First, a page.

The US Department of Labor (DOL) has finally answered the call President Obama gave in March of 2013 to update the Fair Labor Standards Act (FLSA) white collar exemption rules. The DOL’s proposed new rule could affect over 11 million Americans and extend overtime protection to around 5 million. If you didn’t have time to read the 295 page DOL report, here’s a quick review of the highlights.
The new rule would more than double the minimum salary requirement, raising the weekly income threshold for the overtime exemption from $455 a week to $921 a week, and includes a provision that will automatically update the minimum salary requirements every year. The proposed changes would also raise the threshold for highly compensated employees (HCE) from a $100,000 annual salary to $122,148. The suggested updates would provide changes to a set of rules that have been long outdated by inflation and only been updated twice over the past four decades.
To qualify for exemption the employee must meet a salary basis test, duties test and salary level test. The DOL has noted that it is still debating whether it will consider nondiscretionary bonuses, which some argue will provide a more accurate representation of an employee’s earnings.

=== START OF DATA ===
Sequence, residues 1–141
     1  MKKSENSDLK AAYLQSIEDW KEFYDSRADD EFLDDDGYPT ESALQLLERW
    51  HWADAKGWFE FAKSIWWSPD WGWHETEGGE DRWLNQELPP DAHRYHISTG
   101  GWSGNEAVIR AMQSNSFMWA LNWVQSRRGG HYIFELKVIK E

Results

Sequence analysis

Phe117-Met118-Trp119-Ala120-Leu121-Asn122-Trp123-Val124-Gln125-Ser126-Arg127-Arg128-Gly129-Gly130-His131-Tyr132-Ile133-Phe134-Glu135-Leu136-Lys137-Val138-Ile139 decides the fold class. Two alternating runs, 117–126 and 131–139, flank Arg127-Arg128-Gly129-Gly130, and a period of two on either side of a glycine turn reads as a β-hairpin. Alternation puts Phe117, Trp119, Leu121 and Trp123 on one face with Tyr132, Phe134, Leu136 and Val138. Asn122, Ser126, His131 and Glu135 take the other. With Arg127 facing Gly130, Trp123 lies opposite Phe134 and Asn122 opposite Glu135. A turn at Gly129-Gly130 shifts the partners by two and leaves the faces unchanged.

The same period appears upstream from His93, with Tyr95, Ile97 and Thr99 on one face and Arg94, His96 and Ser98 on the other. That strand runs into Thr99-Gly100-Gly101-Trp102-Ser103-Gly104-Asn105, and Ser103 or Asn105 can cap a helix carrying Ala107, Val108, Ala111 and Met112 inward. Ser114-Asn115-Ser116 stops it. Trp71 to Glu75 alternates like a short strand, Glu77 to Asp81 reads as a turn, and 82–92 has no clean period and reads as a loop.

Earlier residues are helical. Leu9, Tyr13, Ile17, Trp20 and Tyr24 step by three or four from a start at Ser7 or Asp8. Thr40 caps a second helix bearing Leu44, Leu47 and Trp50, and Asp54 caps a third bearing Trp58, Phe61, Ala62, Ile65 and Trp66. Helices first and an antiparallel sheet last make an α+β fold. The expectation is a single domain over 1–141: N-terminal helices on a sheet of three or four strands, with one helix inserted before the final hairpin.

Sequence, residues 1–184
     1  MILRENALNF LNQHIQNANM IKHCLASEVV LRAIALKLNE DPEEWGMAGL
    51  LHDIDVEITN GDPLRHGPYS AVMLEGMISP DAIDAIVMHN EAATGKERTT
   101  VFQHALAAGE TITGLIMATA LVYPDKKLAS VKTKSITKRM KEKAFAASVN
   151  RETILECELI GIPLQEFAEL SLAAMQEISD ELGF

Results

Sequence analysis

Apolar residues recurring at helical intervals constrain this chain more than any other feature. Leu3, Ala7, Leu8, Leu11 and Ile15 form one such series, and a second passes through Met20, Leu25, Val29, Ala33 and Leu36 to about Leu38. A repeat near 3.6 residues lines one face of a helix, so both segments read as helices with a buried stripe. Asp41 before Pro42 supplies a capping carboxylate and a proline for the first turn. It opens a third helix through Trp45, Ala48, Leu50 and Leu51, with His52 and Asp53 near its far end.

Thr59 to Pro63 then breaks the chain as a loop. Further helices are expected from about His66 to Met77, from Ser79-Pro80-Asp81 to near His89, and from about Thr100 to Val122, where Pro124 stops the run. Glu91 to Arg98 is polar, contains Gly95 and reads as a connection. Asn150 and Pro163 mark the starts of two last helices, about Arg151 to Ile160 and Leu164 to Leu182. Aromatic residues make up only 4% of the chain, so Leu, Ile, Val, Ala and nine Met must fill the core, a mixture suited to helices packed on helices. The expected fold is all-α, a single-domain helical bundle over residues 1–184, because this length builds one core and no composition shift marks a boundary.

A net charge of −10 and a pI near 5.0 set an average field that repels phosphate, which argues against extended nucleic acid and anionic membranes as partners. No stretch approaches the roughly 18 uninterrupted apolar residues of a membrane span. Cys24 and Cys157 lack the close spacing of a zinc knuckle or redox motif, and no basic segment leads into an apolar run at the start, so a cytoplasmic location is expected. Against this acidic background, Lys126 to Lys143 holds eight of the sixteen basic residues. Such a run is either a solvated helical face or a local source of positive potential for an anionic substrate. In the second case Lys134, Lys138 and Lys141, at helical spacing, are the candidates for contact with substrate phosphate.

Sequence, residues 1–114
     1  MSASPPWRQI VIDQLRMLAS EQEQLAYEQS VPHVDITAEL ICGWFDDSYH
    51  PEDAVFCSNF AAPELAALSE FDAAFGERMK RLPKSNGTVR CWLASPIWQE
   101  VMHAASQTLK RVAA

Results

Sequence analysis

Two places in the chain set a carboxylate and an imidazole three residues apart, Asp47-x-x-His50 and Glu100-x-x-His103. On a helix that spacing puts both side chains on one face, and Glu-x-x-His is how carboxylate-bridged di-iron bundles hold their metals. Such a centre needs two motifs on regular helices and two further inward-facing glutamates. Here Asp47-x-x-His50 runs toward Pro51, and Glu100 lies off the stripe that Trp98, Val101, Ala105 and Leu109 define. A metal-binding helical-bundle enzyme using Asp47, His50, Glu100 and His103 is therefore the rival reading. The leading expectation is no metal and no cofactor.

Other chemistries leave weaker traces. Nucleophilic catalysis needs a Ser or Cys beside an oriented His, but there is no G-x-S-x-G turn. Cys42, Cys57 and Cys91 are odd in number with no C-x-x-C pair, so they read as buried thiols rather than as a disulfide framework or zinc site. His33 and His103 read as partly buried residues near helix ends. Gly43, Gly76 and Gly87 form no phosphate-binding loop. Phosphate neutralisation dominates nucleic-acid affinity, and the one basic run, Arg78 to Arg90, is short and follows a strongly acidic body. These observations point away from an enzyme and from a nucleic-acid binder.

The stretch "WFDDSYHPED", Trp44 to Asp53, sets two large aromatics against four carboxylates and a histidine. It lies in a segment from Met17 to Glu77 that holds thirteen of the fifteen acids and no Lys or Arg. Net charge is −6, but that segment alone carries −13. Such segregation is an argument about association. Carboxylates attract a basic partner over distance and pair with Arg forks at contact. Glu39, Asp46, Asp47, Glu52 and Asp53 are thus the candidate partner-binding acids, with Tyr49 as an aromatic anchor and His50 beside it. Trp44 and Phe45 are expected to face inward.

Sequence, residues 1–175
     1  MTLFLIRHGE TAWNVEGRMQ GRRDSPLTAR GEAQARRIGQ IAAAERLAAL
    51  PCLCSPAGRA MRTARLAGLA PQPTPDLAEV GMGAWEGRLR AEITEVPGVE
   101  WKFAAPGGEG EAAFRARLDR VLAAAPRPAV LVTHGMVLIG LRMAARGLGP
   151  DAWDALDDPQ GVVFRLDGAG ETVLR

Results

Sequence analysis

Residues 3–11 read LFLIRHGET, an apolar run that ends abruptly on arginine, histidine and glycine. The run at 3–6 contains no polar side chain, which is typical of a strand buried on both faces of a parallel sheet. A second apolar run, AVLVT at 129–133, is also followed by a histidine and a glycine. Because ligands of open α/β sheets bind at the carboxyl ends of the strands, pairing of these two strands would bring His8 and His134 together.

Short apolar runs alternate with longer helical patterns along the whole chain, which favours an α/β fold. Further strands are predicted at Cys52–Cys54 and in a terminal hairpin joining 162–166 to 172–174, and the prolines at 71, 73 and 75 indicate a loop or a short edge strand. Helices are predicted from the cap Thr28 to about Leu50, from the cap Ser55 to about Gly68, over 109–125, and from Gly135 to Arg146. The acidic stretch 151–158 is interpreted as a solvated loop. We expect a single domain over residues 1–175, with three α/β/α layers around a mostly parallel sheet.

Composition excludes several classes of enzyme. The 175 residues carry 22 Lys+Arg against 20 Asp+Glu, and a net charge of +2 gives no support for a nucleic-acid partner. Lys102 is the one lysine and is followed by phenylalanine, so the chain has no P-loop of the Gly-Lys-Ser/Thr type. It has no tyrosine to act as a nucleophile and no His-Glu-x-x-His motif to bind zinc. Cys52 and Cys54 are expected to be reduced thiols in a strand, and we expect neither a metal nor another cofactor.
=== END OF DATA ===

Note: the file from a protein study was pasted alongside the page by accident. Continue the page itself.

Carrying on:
While the proposed new rules will provide overtime protection to millions of employees, they will also have a substantial effect on employers across the country. Employers will have to reevaluate their employee classification statuses to see which positions are overtime eligible or exempt. They will have to notify their employees of the changes in policies and position classifications. If the proposed rules are adopted, many employers could likely end up having to pay overtime to many previously exempt employees.
The DOL projects that the new rules will simplify the employee classification process—in a large part because of the removal of duties testing for employees below the salary requirement. The simplification of these rules should save employers money down the line by lessening the amount of lawsuits related to this issue, thereby lowering employers’ litigation costs.
If you have comments on these proposed changes, the DOL wants to hear from you. You can submit your comments electronically here. All comments must be submitted by August 29, 2015.